The Politics of Elijah.
Daily Advent Reflection.
I Kings 18:1-18.
Monday, December 12, 2011
The child is born in the fullness of time
Three wise astrologers take note of the signs
Come to pay their respects to the fragile little king
Get pretty close to wrecking everything
‘Cause the governing body of the holy land
Is that of Herod, a paranoid man
Who when he hears there’s a baby born King of the Jews
Sends death squads to kill all male children under two
But that same bright angel warns the parents in a dream
And they head out for the border and get away clean.
Like a stone on the surface of a still river
Driving the ripples on forever
Redemption rips through the surface of time
In the cry of a tiny babe
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This is the story of from today’s lectionary text in I Kings. I wanted to include the story here to be sure that it was read. This story is the set-up to the perhaps more familiar story of Elijah challenging the priests of Baal.
A long time passed. Then God’s word came to Elijah. The drought was now in its third year. The message: “Go and present yourself to Ahab; I’m about to make it rain on the country.” Elijah set out to present himself to Ahab. The drought in Samaria at the time was most severe.
Ahab called for Obadiah, who was in charge of the palace. Obadiah feared God—he was very devout. Earlier, when Jezebel had tried to kill off all the prophets of God, Obadiah had hidden away a hundred of them in two caves, fifty in a cave, and then supplied them with food and water.
Ahab ordered Obadiah, “Go through the country; locate every spring and every stream. Let’s see if we can find enough grass to keep our horses and mules from dying.” So they divided the country between them for the search—Ahab went one way, Obadiah the other.
Obadiah went his way and suddenly there he was—Elijah! Obadiah fell on his knees, bowing in reverence, and exclaimed, “Is it really you—my master Elijah?”
“Yes,” said Elijah, “the real me. Now go and tell your boss, ‘I’ve seen Elijah.'”
Obadiah said, “But what have I done to deserve this? Ahab will kill me. As surely as your God lives, there isn’t a country or kingdom where my master hasn’t sent out search parties looking for you. And if they said, ‘We can’t find him; we’ve looked high and low,’ he would make that country or kingdom swear that you were not to be found. And now you’re telling me, ‘Go and tell your master Elijah’s found!’ The minute I leave you the Spirit of God will whisk you away to who knows where. Then when I report to Ahab, you’ll have disappeared and Ahab will kill me. And I’ve served God devoutly since I was a boy! Hasn’t anyone told you what I did when Jezebel was out to kill the prophets of God, how I risked my life by hiding a hundred of them, fifty to a cave, and made sure they got food and water? And now you’re telling me to draw attention to myself by announcing to my master, ‘Elijah’s been found.’ Why, he’ll kill me for sure.”
Elijah said, “As surely as God-of-the-Angel-Armies lives, and before whom I take my stand, I’ll meet with your master face-to-face this very day.”
So Obadiah went straight to Ahab and told him. And Ahab went out to meet Elijah.
The moment Ahab saw Elijah he said, “So it’s you, old troublemaker!”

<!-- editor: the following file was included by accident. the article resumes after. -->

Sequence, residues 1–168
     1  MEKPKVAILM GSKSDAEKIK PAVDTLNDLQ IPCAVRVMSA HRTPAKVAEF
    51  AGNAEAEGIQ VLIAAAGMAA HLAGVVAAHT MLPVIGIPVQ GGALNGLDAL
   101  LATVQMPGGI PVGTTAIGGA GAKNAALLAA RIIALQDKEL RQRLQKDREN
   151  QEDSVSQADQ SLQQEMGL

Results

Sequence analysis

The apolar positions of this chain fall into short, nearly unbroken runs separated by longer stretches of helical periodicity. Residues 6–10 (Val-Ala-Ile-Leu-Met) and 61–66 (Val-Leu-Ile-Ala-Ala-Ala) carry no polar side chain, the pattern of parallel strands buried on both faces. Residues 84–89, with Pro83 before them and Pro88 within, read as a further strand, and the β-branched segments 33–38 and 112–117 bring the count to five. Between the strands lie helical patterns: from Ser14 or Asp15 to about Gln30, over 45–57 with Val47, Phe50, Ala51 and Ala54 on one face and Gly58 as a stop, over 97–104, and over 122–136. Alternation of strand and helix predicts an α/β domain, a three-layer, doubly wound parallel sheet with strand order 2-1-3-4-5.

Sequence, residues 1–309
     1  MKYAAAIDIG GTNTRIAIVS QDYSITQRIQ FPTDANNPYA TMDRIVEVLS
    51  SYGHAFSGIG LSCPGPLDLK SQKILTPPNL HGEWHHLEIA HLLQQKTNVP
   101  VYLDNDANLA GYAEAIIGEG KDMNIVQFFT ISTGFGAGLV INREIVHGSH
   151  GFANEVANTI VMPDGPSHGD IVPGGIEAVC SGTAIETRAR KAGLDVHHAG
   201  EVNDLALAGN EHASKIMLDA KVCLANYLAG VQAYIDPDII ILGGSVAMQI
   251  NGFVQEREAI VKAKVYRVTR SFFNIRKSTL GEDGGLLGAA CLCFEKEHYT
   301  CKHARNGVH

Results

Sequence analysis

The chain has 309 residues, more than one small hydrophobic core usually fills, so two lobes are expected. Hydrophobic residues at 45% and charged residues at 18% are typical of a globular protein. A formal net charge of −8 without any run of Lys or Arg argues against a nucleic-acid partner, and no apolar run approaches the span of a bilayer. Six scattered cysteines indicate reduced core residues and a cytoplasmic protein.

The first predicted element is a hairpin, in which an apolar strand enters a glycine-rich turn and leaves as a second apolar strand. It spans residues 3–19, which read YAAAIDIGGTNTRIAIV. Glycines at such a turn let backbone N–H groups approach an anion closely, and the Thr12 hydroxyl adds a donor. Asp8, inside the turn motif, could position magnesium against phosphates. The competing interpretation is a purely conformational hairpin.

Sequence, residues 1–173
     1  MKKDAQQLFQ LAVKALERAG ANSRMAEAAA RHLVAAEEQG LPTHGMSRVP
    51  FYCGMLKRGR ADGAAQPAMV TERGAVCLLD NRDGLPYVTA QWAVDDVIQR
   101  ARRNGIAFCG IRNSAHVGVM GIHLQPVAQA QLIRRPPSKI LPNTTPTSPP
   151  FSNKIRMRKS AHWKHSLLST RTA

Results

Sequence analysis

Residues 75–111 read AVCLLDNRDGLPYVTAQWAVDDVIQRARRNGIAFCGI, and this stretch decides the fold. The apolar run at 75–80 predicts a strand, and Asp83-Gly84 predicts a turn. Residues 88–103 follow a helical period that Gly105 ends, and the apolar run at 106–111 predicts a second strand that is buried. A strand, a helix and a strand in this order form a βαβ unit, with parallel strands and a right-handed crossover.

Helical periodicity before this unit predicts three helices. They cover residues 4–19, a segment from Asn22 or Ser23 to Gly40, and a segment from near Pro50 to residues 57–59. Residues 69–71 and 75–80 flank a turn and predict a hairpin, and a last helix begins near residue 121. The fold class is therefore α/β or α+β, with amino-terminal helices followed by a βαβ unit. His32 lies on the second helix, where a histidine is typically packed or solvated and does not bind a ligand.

“It’s not I who has caused trouble in Israel,” said Elijah, “but you and your government—you’ve dumped God’s ways and commands and run off after the local gods, the Baals. (I Kings 18:1-18, The Message)This story guides us back to where we began these Advent reflections: the admonition to “Fear not!” We see in this story a sharp contrast between Obadiah’s fear of the king and Elijah’s fearlessness. My mind has been mulling this morning over what Slow Church might mean for politics (and particularly electoral politics, given the upcoming 2012 presidential election) for a piece on which John Pattison and I are currently working.
I wonder to what extent our political engagements – particularly in the United States – are driven by fear? In our democratic society, our fear isn’t so much what the rulers of the land will do to us as individuals (as was the fear of Obadiah), but rather the fear of what the rulers will do to our society. The modus operandi of political parties – at least in our times – is the fear and demonization of the other. There’s a sort of paranoia that comes with power, as we hear about Herod in today’s song. As the Psalmist says in Psalm 125 (one of the other lectionary texts for today):
As the mountains surround Jerusalem,
so the Lord surrounds his people,
from this time on and for evermore.
God surrounds us and we have no reason to be afraid of kings or presidents (or governors or mayors or legislators, etc). Certainly, there are good leaders and bad leaders (just as Israel had good and bad kings), but ultimately, it is God who is sovereign. In this Advent season before another big electoral year here in the United States, may we remember that the Christ comes as the prince of peace, to set us free from fear. May our churches be political communities – communities that care for the flourishing and common good of our places – but may our politics like that of Elijah, be girded in truth and fearlessness.
Chris Smith is co-writing Slow Church (forthcoming Likewise/IVP Books) with John Pattison. He is editor of The Englewood Review of Books, and a member of The Englewood Christian Church community on the urban Near Eastside of Indianapolis.